Proof Search in Constructive Logics
 In Sets and proofs
, 1998
"... We present an overview of some sequent calculi organised not for "theoremproving" but for proof search, where the proofs themselves (and the avoidance of known proofs on backtracking) are objects of interest. The main calculus discussed is that of Herbelin [1994] for intuitionistic lo ..."
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Cited by 10 (2 self)
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We present an overview of some sequent calculi organised not for "theoremproving" but for proof search, where the proofs themselves (and the avoidance of known proofs on backtracking) are objects of interest. The main calculus discussed is that of Herbelin [1994] for intuitionistic logic, which extends methods used in hereditary Harrop logic programming; we give a brief discussion of some similar calculi for other logics. We also point to some related work on permutations in intuitionistic Gentzen sequent calculi that clarifies the relationship between such calculi and natural deduction. 1 Introduction It is widely held that ordinary logic programming is based on classical logic, with a Tarskistyle semantics (answering questions "What judgments are provable?") rather than a Heytingstyle semantics (answering questions like "What are the proofs, if any, of each judgment?"). If one adopts the latter style (equivalently, the BHK interpretation: see [35] for details) by regardi...
GraphBased Proof Counting and Enumeration with Applications for Program Fragment Synthesis
 in &quot;International Symposium on Logicbased Program Synthesis and Transformation 2004 (LOPSTR 2004)&quot;, S. ETALLE (editor)., Lecture Notes in Computer Science
, 2004
"... Abstract. For use in earlier approaches to automated module interface adaptation, we seek a restricted form of program synthesis. Given some typing assumptions and a desired result type, we wish to automatically build a number of program fragments of this chosen typing, using functions and values av ..."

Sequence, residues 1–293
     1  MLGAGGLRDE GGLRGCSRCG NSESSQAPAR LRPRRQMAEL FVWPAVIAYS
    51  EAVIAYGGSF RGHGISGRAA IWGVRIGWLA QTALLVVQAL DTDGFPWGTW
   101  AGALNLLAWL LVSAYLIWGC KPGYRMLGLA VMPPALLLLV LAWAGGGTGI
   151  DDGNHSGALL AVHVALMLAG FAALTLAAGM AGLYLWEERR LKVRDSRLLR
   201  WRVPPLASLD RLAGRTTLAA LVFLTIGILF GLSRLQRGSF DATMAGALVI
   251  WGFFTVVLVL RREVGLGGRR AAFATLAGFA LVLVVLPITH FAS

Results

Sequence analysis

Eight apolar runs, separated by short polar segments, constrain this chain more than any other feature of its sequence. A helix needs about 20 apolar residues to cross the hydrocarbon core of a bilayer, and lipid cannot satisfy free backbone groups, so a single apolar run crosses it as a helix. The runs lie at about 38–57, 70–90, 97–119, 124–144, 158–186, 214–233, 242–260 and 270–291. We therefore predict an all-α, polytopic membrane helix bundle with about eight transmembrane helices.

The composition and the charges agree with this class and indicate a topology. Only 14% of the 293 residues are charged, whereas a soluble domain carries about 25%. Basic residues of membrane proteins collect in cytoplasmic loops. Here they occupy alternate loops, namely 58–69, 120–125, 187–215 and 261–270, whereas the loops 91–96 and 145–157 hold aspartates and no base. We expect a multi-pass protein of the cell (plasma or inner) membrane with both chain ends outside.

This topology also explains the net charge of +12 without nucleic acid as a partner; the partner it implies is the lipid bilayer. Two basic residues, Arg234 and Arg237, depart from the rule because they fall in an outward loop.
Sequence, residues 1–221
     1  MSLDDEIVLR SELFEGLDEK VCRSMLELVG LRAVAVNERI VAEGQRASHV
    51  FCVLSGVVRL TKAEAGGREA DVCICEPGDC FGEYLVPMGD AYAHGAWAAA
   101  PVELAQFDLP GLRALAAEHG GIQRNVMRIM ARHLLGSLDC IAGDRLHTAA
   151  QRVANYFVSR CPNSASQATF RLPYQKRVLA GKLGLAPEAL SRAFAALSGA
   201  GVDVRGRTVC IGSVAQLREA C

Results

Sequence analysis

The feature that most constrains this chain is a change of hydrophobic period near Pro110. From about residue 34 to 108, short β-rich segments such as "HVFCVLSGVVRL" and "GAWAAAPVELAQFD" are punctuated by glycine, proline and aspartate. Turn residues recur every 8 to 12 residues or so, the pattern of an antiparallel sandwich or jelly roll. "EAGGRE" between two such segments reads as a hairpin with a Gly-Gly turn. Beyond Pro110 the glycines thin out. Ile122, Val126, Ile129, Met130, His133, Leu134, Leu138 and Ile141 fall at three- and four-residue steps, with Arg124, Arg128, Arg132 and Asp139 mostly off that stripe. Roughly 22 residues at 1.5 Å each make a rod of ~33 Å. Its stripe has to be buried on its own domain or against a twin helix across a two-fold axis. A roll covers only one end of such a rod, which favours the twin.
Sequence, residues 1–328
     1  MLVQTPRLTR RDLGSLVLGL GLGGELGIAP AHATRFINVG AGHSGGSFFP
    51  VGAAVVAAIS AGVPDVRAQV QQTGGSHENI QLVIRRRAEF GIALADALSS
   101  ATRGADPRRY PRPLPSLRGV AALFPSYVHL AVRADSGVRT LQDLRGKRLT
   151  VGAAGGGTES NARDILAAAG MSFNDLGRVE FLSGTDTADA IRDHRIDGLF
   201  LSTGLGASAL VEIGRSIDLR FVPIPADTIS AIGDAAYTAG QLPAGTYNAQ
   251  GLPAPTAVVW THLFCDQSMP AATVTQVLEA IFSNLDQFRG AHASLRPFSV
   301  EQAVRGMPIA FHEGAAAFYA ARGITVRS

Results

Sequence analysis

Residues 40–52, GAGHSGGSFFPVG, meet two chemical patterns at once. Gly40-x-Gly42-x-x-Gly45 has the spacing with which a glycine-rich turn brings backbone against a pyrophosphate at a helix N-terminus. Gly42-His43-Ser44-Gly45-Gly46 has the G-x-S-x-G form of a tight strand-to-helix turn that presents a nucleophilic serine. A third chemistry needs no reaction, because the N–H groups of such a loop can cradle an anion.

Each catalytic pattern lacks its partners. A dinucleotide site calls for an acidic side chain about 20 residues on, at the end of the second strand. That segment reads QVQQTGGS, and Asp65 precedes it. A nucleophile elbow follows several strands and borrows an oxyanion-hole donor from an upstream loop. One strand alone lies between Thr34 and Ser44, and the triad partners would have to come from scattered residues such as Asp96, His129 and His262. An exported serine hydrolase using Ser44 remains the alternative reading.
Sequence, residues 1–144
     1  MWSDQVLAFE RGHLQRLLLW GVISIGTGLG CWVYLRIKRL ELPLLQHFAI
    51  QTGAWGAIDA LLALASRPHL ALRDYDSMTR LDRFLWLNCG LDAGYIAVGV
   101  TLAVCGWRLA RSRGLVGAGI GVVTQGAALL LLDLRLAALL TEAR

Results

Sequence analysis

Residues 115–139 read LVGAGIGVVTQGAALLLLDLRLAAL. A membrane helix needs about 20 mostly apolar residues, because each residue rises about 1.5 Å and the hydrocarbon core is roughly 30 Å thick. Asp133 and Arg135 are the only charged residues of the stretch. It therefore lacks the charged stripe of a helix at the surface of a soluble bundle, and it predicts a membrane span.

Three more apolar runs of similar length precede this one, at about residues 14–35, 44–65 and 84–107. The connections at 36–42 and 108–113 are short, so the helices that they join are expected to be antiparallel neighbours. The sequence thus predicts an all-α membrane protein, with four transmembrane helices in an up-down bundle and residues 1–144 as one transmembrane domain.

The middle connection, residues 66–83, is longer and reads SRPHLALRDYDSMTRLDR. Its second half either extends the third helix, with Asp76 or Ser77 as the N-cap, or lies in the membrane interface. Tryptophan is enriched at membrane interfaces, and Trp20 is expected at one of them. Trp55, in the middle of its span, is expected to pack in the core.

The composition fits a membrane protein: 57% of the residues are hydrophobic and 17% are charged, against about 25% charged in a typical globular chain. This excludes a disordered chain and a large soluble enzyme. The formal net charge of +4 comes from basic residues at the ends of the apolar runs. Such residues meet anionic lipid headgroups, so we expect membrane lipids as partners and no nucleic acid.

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Cited by 9 (0 self)
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Abstract. For use in earlier approaches to automated module interface adaptation, we seek a restricted form of program synthesis. Given some typing assumptions and a desired result type, we wish to automatically build a number of program fragments of this chosen typing, using functions and values available in the given typing environment. We call this problem term enumeration. To solve the problem, we use the CurryHoward correspondence (propositionsastypes, proofsasprograms) to transform it into a proof enumeration problem for an intuitionistic logic calculus. We formally study proof enumeration and counting in this calculus. We prove that proof counting is solvable and give an algorithm to solve it. This in turn yields a proof enumeration algorithm. 1
An isomorphism between a fragment of sequent calculus and an extension of natural deduction
"... ..."
Strong normalisation for a gentzenlike cutelimination procedure
 In TLCA
, 2001
"... Abstract. In this paper we introduce a cutelimination procedure for classical logic, which is both strongly normalising and consisting of local proof transformations. Traditional cutelimination procedures, including the one by Gentzen, are formulated so that they only rewrite neighbouring inferenc ..."
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Cited by 8 (0 self)
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Abstract. In this paper we introduce a cutelimination procedure for classical logic, which is both strongly normalising and consisting of local proof transformations. Traditional cutelimination procedures, including the one by Gentzen, are formulated so that they only rewrite neighbouring inference rules; that is they use local proof transformations. Unfortunately, such local proof transformation, if defined naïvely, break the strong normalisation property. Inspired by work of Bloo and Geuvers concerning the λxcalculus, we shall show that a simple trick allows us to preserve this property in our cutelimination procedure. We shall establish this property using the recursive path ordering by Dershowitz.